My mom continued to stay with me on and off for the first month, so I could slowly get comfortable being on my own. There were a few obstacles that made me more nervous than others, like shower transfers when I was alone. I was so scared to fall getting in or out of the shower by myself without any help. I bought an Apple watch to wear in the shower in case I needed to call anyone and kept extra clothes and towels where I could reach them if I did fall. Being prepared in case anything did happen alleviated a lot of my anxieties surrounding living alone again.

As soon as I got settled into my apartment and started driving again, I began to get involved in the community. I volunteered as a peer supporter, joined a gym, and started searching for employment. My chosen career path in healthcare administration made it easy to transition back into the workforce because those types of organizations are always accessible and accommodating. I started working part-time at first to ease myself in and so that I'd still have time to cultivate a social life in my new city.

Being social in a wheelchair was almost as intimidating as starting physical therapy. There were new ways that I had to manage my health that I needed to fit into my schedule, and being social meant more opportunities to need help from others. I had to become comfortable navigating the world and its societal and social norms as a woman in a wheelchair. Being a young, single woman, I still wanted to go out and have fun, but I was concerned about people my age being nervous about approaching me.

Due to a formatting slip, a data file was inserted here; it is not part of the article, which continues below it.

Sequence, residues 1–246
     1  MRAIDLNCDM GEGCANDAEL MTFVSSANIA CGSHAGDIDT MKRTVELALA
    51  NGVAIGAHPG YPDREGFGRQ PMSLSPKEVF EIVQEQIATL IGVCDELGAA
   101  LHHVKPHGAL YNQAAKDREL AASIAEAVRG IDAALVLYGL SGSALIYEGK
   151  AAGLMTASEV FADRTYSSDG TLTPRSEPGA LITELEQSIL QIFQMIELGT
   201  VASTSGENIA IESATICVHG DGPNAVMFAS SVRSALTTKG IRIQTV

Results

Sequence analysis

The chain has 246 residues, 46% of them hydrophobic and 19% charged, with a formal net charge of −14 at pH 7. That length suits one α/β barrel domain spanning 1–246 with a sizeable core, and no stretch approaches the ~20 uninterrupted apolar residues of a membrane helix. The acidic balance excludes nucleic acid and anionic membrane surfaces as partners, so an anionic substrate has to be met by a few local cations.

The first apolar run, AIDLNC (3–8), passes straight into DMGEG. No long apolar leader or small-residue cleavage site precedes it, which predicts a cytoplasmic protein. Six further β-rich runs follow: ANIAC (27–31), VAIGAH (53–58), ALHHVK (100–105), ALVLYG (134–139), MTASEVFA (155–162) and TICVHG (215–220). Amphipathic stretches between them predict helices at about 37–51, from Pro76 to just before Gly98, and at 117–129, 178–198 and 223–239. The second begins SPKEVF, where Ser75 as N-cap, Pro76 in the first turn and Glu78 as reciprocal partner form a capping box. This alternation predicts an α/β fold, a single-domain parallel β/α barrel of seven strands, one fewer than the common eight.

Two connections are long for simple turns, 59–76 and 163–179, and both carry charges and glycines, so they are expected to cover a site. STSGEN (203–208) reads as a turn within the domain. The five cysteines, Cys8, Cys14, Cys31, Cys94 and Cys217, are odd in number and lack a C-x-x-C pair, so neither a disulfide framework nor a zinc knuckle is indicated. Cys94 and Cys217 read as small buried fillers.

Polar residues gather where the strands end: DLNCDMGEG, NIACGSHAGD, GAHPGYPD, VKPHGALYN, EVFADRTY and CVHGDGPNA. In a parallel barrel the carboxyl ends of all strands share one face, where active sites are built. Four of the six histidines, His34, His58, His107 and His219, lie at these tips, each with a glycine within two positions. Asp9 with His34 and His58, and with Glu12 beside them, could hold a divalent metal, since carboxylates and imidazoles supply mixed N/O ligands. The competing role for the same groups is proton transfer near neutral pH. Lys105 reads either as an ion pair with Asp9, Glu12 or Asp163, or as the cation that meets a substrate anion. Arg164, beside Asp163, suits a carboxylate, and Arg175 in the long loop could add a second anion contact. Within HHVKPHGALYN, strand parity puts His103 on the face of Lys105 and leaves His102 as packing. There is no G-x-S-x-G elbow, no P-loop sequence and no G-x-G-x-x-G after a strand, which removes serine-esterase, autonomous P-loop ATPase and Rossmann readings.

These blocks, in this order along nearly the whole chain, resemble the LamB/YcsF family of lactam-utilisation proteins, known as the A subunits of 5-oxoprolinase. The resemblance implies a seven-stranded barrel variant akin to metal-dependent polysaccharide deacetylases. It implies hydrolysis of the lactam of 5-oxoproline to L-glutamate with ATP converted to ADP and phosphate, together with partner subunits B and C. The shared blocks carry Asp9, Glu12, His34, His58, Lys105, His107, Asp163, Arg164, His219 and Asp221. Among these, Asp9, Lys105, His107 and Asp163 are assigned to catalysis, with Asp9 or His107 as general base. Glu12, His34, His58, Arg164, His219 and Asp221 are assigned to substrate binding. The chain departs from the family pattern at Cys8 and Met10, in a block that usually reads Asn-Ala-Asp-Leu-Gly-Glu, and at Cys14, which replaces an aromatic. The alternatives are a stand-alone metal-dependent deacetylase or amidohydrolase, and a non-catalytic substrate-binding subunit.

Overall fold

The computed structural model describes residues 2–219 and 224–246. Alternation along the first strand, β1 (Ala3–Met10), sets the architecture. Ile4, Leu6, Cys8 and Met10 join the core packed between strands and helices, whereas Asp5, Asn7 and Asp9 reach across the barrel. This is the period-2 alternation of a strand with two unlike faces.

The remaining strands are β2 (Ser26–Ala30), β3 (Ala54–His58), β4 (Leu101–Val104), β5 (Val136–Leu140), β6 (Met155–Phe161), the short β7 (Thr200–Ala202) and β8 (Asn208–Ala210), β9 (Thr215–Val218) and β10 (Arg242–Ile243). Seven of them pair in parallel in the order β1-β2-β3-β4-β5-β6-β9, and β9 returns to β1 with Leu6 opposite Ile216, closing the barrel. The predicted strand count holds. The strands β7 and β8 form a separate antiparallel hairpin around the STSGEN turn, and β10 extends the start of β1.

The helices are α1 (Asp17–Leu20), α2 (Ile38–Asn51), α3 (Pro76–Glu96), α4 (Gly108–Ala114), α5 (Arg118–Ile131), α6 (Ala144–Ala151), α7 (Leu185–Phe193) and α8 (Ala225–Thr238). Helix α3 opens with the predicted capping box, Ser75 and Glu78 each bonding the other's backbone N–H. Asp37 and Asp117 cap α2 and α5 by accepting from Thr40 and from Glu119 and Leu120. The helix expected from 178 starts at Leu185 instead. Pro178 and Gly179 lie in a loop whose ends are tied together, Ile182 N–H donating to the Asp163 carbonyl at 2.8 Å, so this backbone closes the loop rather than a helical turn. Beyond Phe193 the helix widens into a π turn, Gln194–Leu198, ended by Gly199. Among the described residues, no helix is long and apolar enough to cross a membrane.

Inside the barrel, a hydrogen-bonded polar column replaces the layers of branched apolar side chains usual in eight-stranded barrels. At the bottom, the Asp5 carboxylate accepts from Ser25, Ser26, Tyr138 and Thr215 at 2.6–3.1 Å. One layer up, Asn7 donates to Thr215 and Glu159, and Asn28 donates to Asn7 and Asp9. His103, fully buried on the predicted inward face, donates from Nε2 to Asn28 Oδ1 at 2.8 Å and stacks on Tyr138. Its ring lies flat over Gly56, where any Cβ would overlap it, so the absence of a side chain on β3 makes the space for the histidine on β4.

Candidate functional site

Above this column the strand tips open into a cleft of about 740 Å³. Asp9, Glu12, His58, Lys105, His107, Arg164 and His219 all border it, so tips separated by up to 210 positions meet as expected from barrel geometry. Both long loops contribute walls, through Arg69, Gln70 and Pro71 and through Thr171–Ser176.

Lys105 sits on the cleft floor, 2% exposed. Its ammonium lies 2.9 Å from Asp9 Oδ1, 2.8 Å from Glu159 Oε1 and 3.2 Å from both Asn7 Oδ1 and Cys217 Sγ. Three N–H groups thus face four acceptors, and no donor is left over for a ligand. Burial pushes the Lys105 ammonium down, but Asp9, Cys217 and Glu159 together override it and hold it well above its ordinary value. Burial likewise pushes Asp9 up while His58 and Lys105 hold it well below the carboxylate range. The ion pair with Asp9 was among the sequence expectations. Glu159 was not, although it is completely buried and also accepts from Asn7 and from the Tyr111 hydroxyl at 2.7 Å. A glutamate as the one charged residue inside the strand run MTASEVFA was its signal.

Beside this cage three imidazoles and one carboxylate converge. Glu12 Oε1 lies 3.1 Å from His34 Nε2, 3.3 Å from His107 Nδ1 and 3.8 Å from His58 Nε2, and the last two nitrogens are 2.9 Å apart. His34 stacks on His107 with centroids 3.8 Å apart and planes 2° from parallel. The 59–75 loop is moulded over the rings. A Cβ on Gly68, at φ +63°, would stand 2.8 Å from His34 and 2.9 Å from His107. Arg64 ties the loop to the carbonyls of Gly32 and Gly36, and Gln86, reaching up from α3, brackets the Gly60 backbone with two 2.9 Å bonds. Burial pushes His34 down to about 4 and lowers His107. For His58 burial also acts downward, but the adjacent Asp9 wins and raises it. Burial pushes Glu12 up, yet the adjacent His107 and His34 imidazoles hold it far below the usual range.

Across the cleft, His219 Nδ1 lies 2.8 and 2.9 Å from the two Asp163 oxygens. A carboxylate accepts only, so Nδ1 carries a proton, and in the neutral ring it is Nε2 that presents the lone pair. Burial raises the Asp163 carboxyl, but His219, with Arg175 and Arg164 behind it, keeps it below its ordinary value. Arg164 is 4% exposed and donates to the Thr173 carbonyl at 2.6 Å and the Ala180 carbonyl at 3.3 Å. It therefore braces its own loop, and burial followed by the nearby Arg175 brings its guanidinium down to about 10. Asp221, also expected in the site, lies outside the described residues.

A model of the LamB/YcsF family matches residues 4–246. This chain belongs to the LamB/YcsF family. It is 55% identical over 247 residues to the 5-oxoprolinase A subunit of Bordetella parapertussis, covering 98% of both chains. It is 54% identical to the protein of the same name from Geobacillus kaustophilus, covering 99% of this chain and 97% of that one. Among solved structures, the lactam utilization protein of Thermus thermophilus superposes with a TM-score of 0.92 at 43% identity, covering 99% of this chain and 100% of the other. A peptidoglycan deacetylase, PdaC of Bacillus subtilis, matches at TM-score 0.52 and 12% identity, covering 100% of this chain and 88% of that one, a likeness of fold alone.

I also knew that going out meant I would come upon hills that I might need to be pushed up and that I would want things that I couldn't reach on my own. Those things made me question how far I had actually come in my fight for independence. I had to learn that it is OK to ask for help from people and that it was more important to be involved than to be prideful.

The most beneficial thing for me was making sure that I had a purpose in every day and a reason to wake up and do something. There were some days that I could've spent all day daydreaming about all the things I would do if I had my body back. At first, the daydreams seemed distant, but after a while, it becomes more comfortable to daydream than to live the life you have. It is so easy for a person who is injured to fall into depression, so I made sure to keep myself busy and active.

For me, it was important to acknowledge my feelings without getting stuck in them. Staying active in the gym and visiting with other people in similar situations kept my mind focused on the present instead of the future that could have been. I was 23 years old when I had my accident, and I knew I had so much more time on this earth to live a full life, so my focus has continued to be to stay happy, healthy, and productive.